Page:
Herb Profile: Calendula

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The Basics

I’ve chosen calendula as the first featured herb in my new series on medicinal herbs. Quite simply put, my first forays into the world of herbal medicine involved calendula, and for that reason, I thought it should be featured first.

Calendula is a bright and sunny herb that can also be known as “pot marigold”. Please, however, do not confuse calendula with one of the many other varieties of marigolds commonly found in gardens. The scientific name for the herb calendula is Calendula officinalis.

Medicinal Qualities

Calendula has been a known medicinal herb since the twelfth century. It is thought to be of Mediterranean origin, however, it is now grown worldwide. Our ancestors used calendula both internally and topically. Today, however, calendula is used primarily as a topical treatment.

Calendula flowers contain a high amount of flavonoids. Flavonoids are plant based antioxidants which have been shown to have anti-inflammatory, anti-microbial, anti-viral, and anti-fungal effects. Flavonoids also help to protect cells from free radicals, which are unstable molecules thought to be directly involved in the aging process and which may contribute to a host of medical conditions.

Most often, calendula flowers are used to make topical treatments including tinctures, balms, salves, ointments, creams, or bath teas. Note that the entire head of the calendula flower may be used, not just the petals. Calendula has been used to treat a plethora of skin conditions including cuts and scrapes, chapped skin, stings, rashes, and other minor skin irritations and infections.  Calendula is very gentle and has been used on babies, children, and those with skin sensitivities.

In the Garden

Calendula is easy to grow in most USDA hardiness zones. It grows best in full sun. Calendula will tolerate any soil type, including clay, sand, and loam, as long as the soil as good drainage and the plant is watered evenly.

It is easy to grow calendula from seed. It tends to do best when directly sown, however, it is possible to start the seeds indoors and then transfer them outdoors when the weather allows. Calendula prefers cool temperatures, and for best results, should be planted in early spring or early fall. Note that calendula can tolerate some frost. If planted in the spring, cut back calendula before the hottest days of summer and allow it to grow again in early fall for more blooms.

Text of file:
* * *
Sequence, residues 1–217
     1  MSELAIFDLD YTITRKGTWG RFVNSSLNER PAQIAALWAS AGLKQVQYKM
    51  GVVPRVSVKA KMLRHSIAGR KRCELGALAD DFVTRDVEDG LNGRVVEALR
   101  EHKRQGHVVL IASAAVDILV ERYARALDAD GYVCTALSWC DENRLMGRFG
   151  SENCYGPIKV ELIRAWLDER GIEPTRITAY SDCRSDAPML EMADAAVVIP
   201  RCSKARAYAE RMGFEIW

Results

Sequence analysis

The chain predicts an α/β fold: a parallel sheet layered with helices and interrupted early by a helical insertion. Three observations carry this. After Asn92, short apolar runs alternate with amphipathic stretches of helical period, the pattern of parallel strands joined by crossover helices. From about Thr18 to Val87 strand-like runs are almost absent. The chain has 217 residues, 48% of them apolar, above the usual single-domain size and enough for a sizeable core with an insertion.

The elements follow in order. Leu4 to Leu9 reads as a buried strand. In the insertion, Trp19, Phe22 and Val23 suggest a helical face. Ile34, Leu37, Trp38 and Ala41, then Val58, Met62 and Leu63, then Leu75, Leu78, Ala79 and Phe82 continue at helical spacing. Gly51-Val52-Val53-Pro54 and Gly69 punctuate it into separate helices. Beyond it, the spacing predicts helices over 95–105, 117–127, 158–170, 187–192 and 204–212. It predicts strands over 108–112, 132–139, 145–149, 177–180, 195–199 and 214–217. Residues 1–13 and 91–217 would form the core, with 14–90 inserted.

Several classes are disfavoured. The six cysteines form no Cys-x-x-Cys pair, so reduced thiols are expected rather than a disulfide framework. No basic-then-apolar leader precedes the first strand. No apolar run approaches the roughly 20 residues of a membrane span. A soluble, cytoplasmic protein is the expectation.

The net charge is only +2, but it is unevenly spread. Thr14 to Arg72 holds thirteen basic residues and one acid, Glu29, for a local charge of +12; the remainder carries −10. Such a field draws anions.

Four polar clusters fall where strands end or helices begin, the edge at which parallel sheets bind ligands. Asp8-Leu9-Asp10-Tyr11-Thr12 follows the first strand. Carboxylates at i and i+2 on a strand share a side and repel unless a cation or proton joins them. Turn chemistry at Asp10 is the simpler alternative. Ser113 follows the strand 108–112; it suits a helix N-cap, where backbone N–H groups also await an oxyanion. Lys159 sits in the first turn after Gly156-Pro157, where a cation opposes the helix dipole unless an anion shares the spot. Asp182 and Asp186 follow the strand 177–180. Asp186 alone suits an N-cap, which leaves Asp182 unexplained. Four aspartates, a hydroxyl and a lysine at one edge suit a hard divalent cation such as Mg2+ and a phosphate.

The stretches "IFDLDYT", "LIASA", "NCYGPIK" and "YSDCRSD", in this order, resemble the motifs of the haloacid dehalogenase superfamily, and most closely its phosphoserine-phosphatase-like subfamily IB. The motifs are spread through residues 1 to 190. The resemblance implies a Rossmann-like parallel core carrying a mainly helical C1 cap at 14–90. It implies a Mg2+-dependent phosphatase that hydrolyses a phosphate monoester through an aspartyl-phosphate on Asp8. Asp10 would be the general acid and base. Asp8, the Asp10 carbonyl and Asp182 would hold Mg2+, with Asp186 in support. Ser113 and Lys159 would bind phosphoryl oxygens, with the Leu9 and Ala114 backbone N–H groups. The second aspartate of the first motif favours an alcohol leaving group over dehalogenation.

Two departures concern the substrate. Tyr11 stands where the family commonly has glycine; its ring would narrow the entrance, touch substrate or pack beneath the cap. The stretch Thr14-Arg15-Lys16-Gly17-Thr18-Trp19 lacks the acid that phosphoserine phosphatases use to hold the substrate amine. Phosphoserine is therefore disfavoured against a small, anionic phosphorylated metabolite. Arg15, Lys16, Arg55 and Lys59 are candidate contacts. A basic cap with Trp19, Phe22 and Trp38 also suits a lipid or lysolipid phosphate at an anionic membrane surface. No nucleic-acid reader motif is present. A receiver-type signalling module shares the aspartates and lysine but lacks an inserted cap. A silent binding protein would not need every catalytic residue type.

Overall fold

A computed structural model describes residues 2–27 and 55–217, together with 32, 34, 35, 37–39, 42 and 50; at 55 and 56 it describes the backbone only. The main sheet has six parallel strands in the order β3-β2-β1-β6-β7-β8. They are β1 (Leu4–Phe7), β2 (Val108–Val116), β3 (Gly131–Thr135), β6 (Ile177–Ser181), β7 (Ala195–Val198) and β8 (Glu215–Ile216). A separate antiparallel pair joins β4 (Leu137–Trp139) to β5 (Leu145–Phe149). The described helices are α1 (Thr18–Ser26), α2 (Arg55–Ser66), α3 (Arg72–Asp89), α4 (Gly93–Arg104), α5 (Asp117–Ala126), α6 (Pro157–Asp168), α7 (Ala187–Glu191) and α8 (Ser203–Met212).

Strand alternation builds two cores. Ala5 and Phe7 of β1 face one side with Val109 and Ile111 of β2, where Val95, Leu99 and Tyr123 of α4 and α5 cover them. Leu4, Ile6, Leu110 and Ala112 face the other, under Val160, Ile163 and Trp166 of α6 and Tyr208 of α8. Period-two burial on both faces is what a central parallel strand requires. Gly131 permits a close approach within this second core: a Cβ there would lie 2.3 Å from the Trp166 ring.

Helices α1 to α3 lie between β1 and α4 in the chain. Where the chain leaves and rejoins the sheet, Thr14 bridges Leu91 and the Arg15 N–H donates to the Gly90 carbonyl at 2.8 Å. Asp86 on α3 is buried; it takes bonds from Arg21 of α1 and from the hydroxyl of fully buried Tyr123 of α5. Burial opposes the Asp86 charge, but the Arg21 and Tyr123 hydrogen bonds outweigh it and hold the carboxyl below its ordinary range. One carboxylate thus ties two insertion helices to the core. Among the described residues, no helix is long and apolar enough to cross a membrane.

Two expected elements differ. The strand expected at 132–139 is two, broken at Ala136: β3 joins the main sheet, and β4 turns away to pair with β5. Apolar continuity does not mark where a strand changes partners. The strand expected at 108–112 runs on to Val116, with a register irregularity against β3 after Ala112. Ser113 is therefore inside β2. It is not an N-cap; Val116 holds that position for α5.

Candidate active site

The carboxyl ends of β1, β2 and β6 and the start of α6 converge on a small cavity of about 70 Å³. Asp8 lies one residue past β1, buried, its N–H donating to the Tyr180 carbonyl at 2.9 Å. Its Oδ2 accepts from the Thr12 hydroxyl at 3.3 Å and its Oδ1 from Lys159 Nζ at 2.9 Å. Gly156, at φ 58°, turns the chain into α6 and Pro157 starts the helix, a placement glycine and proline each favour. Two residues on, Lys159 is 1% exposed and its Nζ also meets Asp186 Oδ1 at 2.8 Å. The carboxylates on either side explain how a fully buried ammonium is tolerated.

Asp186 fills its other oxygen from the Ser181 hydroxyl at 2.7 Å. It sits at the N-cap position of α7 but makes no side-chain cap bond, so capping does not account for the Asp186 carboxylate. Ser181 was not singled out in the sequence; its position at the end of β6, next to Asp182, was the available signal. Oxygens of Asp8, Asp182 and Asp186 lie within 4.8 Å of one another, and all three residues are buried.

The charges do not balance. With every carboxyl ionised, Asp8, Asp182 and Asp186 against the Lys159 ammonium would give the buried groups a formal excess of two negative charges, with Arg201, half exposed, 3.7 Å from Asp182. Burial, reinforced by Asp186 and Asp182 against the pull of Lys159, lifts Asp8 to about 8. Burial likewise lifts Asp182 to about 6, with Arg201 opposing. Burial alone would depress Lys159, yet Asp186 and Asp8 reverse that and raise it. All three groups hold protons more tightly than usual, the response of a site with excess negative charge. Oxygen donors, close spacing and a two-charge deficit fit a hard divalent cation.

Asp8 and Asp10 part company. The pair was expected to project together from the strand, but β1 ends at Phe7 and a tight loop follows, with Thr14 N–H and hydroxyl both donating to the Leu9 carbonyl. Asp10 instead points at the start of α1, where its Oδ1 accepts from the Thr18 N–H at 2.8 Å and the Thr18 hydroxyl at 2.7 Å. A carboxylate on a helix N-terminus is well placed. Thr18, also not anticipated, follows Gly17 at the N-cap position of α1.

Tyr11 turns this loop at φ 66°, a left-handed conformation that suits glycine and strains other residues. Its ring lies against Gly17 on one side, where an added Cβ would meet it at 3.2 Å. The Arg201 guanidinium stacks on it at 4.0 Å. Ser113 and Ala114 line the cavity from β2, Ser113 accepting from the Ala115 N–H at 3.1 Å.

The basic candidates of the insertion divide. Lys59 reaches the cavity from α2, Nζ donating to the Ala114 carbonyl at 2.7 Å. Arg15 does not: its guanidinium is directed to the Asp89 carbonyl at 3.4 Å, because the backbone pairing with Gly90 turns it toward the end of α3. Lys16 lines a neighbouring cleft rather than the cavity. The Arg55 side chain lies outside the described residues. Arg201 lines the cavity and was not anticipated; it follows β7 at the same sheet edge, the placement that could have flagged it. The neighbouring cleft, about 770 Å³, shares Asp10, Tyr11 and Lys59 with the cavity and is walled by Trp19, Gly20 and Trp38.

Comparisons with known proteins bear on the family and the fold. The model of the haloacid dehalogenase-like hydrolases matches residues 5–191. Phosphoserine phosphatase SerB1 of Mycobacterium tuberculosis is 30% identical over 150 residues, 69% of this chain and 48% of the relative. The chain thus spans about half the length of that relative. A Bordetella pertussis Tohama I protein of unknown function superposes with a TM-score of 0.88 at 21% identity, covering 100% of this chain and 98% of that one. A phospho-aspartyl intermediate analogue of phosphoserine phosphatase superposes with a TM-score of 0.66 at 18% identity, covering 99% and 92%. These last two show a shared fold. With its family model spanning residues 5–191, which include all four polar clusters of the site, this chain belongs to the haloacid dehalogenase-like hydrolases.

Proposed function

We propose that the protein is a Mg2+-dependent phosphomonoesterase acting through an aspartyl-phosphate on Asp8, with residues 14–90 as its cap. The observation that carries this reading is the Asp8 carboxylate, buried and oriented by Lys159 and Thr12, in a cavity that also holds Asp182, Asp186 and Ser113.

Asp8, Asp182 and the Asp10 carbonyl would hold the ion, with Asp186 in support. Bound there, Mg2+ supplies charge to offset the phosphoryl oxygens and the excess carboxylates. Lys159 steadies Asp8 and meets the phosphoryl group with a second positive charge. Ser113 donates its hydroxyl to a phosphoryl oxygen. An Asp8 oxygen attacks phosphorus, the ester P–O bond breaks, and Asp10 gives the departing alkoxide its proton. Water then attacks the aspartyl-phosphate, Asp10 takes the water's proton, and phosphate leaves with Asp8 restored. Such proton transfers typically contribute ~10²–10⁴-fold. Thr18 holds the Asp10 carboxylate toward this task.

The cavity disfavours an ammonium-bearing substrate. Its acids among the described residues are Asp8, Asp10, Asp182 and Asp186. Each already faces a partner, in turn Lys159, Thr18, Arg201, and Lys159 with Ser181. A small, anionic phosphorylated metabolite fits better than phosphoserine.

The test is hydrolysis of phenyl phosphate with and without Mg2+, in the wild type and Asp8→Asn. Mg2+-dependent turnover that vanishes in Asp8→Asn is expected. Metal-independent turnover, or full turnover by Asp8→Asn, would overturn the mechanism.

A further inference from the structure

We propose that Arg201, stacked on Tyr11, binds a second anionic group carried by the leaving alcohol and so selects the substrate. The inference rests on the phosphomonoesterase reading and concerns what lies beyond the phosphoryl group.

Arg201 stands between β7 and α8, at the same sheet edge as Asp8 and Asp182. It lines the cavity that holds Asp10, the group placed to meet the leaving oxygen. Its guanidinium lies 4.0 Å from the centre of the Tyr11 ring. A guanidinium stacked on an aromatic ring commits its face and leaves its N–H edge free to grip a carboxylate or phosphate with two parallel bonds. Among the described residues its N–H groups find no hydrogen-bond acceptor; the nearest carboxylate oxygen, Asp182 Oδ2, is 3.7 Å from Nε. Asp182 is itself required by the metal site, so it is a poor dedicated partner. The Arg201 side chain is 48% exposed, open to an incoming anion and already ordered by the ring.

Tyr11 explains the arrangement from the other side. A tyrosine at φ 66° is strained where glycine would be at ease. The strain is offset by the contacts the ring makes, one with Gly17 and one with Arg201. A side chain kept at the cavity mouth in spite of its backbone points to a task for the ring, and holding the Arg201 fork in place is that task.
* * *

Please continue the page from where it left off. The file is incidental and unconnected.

Calendula typically grows to about one foot to two feet tall. It is resistant to most pests. It is even considered deer resistant! Calendula blooms range from very pale cream to bright orange. It is a happy and bright plant which will bring both beauty and function to your garden.

Harvesting and Storing

The flower heads (not just the petals) should be collected on hot, sunny days, if possible. The flower heads should be picked on a regular basis in order to prevent the plant from producing seeds. This will allow you to harvest the largest quantity of flower heads. It is best to collect the flower heads in the morning, before they have fully opened. Flower heads may be pinched off or cut with scissors.

Dry the flower heads completely before storing. Calendula may be dried by placing the flower heads face down on a dish towel out of direct sunlight. The flower heads must be completely dry before storing them. If they are not completely dry, they will mold and the harvest will be wasted. The flower heads should feel warm, fragile, and crispy. If they feel cool, that indicates there is still water present. Once completely dry, the flower heads should be stored in water tight jars outside of direct sunlight.

Using Calendula

Please see the following links for ways I use calendula.

Basic Calendula Oil Infusion

 

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